Contrary to popular belief, the stories told by the brothers Jacob and Wilhelm Grimm were not fairy tales but rather actual events the brothers witnessed as part of their careers as professional detectives. Characters such as Snow White, Sleeping Beauty, Little Red Riding Hood, and Prince Charming were not the creations of storytellers but actual people who occasionally got into a whole lot of trouble. Sometimes, that trouble was more than they could handle, and the Everafters (that's what fairy-tale characters like to be called) decided to Move to America to seek a better life. Wilhelm Grimm decided to accompany Them and help them settle in this new land. He hired a ship called the Neuer Anfang (New Hope) and secured the deed for a large tract of land bordered by the Hudson River. This new town was called Fairyport Landing, and was originally intended as an exclusive Everafter territory, but soon humans moved in and tensions rose between the Everafters and their new neighbors. To protect the Everafters and keep the peace, Wilhelm turned to a powerful witch named Baba Yaga. Together the two cast a spell that confined the fairy-tale characters within the town's borders. But Baba Yaga made Wilhelm pay a price for his prison. If the Grimm family dies out or abandons the town, the Everafters will regain their freedom.

Unfortunately, the trouble did not end, and generations of Wilhelm's family have taken on the family business — keeping the peace, investigating any criminal Everafter activity, and documenting what they see.




Sabrina Grimm was an ordinary girl living in New York City with her mom, dad, and sister, Daphne, until one night her parents went missing. Sabrina had to grow up fast to take care of her little sister as they bounced from one foster family to the next. Many of their so-called caregivers were either criminally insane or insanely criminal. All the chaos made Sabrina tough, clever, brave, and extremely tenacious — which came in handy in the sisters' ingenious escapes from foster homes and unyielding defiance of their caseworker, Ms. Smirt. Sabrina feared that their parents abandoned them, and it made her suspicious, impulsive, sneaky, and stubborn, too. When the girls were taken in by their long-presumed-dead grandmother Relda Grimm, those traits kicked into high gear, making life very hard for the sisters.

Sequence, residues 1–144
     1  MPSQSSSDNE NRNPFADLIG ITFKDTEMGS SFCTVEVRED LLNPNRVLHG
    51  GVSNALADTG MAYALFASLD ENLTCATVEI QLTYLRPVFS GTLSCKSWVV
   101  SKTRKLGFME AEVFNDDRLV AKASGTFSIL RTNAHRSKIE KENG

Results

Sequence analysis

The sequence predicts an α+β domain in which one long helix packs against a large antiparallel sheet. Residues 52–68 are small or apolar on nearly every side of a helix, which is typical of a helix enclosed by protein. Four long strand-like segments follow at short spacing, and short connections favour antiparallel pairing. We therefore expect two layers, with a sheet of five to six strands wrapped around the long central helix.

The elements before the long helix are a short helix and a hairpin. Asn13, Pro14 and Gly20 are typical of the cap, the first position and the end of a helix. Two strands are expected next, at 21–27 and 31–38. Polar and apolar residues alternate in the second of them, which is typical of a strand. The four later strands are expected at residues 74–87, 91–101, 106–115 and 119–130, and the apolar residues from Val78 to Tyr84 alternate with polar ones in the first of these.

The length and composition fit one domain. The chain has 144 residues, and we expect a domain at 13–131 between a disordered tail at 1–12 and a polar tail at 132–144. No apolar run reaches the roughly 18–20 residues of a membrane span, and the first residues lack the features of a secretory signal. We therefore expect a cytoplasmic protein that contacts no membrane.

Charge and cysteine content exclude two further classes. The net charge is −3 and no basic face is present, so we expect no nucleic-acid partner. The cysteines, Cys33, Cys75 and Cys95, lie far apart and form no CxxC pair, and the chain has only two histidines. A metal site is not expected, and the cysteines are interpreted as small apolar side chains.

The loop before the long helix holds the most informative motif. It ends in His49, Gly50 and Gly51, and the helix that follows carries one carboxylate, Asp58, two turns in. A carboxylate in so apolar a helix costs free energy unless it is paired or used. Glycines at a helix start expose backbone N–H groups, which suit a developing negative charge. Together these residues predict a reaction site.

Sabrina was determined to get Daphne away from Ferryport Landing, even if she had to drag her, but the truth about the town and the Grimm family tree could not be hidden forever. Granny was kidnapped by a giant, and the girls mounted a daring rescue. Since then, Sabrina has come face to face with Rumplestiltskin, the Jabberwocky, the Blue Fairy, the Wizard of Oz, Cinderella, and a seriously delusional Little Red Riding Hood, among many others.